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Objective assessment of optical quality in dry eye disease using a double-pass imaging system

Authors Gouvea L, Waring GO IV, Brundrett A, Crouse M, Rocha KM

Received 9 April 2019

Accepted for publication 9 August 2019

Published 9 October 2019 Volume 2019:13 Pages 1991—1996

DOI https://doi.org/10.2147/OPTH.S211584

Checked for plagiarism Yes

Review by Single-blind

Peer reviewers approved by Dr Amy Norman

Peer reviewer comments 2

Editor who approved publication: Dr Scott Fraser


Larissa Gouvea,1 George Oral Waring IV,2 Ashley Brundrett,1,3 Michelle Crouse,4 Karolinne Maia Rocha1,3

1Storm Eye Institute, Medical University of South Carolina, Charleston, SC, USA; 2Waring Vision Institute, Mount Pleasant, SC, USA; 3Department of Ophthalmology, Medical University of South Carolina, Charleston, SC, USA; 4Department of Internal Medicine, Tulane University School of Medicine, New Orleans, LA, USA

Correspondence: Larissa Gouvea
Storm Eye Institute, Medical University of South Carolina, 167 Ashley Avenue, Charleston, SC 29425, USA
Email gouveaalarissa@gmail.com

Purpose: To assess optical quality dynamics using a double-pass (DP) system in patients with dry eye disease (DED).
Methods: Seventy-six eyes with DED and 44 control subjects were enrolled in this study. Each patient underwent ocular surface evaluation including fluorescein corneal staining and Schirmer’s II test. Ocular Surface Disease Index (OSDI) questionnaire was used to assess subjective symptoms. Optical quality dynamics and tear film instability was analyzed using a DP system (HD AnalyzerTM, Visiometrics, Spain). Mean objective scatter index (OSI), maximum and minimum OSI, difference between maximum and minimum OSI (ΔOSI) were recorded with 40 consecutive scans over 20 s.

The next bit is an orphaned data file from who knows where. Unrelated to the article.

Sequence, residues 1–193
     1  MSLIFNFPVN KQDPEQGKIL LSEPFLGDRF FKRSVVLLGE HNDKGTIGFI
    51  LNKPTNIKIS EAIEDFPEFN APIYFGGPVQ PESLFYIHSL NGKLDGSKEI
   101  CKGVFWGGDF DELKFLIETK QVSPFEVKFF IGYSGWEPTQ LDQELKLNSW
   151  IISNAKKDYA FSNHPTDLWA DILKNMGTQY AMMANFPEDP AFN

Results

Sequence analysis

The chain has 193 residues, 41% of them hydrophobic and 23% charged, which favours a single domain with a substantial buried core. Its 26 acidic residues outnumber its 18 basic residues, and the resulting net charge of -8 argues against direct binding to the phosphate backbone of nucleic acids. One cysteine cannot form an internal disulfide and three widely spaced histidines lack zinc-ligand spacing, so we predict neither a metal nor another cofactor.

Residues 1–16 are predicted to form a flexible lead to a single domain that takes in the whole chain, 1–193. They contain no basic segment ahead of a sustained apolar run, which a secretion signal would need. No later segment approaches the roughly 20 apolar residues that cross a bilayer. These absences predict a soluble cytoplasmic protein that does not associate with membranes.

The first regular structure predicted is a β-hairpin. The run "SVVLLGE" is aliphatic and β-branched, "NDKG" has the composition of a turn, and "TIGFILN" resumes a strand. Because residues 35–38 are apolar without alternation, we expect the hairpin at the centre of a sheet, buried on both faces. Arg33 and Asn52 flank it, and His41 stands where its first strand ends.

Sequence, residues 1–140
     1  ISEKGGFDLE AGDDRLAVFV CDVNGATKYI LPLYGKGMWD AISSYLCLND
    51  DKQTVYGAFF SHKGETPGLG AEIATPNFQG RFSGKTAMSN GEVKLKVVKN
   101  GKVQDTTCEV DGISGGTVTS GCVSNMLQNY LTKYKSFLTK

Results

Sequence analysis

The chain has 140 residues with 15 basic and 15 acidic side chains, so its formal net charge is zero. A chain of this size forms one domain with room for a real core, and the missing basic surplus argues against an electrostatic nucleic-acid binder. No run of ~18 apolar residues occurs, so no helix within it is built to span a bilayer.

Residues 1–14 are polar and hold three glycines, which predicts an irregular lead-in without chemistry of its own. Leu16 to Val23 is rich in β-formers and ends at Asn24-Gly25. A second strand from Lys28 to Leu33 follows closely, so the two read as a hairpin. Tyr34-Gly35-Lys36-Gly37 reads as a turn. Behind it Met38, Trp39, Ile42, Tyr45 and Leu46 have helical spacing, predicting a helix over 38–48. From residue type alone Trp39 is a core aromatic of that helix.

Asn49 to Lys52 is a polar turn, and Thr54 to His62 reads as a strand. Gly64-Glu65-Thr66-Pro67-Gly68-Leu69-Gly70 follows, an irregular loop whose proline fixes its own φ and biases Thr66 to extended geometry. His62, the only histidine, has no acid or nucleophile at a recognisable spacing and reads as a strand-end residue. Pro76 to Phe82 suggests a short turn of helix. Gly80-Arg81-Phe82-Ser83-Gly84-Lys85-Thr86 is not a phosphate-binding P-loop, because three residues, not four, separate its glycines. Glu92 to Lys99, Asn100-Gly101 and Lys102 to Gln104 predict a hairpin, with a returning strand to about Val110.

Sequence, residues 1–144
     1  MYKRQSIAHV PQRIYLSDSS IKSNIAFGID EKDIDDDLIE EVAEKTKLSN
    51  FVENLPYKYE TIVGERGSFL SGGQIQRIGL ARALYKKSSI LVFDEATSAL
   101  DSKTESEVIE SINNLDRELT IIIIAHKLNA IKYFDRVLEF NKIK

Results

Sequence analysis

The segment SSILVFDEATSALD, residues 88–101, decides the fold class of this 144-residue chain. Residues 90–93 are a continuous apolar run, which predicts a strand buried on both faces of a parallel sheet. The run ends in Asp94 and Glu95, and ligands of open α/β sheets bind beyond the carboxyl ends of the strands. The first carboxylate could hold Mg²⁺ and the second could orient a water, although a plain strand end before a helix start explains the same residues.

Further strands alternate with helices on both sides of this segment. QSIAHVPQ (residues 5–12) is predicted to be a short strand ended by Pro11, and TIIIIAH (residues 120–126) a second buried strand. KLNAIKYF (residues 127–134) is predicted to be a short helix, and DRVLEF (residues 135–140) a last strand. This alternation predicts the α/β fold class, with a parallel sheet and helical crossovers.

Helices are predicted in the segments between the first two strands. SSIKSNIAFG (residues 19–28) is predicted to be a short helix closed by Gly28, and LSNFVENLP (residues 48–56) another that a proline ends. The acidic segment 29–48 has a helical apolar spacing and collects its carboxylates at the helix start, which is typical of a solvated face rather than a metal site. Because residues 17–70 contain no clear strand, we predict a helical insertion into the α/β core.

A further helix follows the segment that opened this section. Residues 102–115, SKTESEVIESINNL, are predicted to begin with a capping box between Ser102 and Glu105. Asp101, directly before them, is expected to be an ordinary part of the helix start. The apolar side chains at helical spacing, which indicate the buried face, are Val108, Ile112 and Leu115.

Results: The DED group had pronounced impairment of optical quality compared to the control group. Mean OSI (4.29±4.07), minimum (3.22±3.51) and maximum (5.72±4.52) OSI, ΔOSI (2.50±1.96), OSDI score (36.94±16.55), and fluorescein corneal staining (0.79±0.96) were statistically significantly higher than controls (p<0.05). Schirmer’s II test was statistically significantly lower in the DED group compared to controls (10.08±7.85, 26.41±6.75, respectively; p<0.001). Three patterns of dynamic changes of OSI were proposed: ladder (continuous increase of OSI), seesaw (instability of OSI without improvement after blinking), and plateau (steady-high OSI). The ladder group showed the highest value of maximum OSI (6.93±4.13; p=0.03) and ΔOSI (3.76±2.08; p<0.001).
Conclusion: DP imaging system provides an objective measurement of the visual quality in DED. Tear film instability may be assessed by dynamic changes of OSI over 20 s. In particular, the highest OSI values were observed in the ladder pattern group.

Keywords: dry eye disease, quality of vision, tear film analysis, double-pass imaging system, objective scatter index, ocular surface disease index, fluorescein corneal staining, Schirmer’s test

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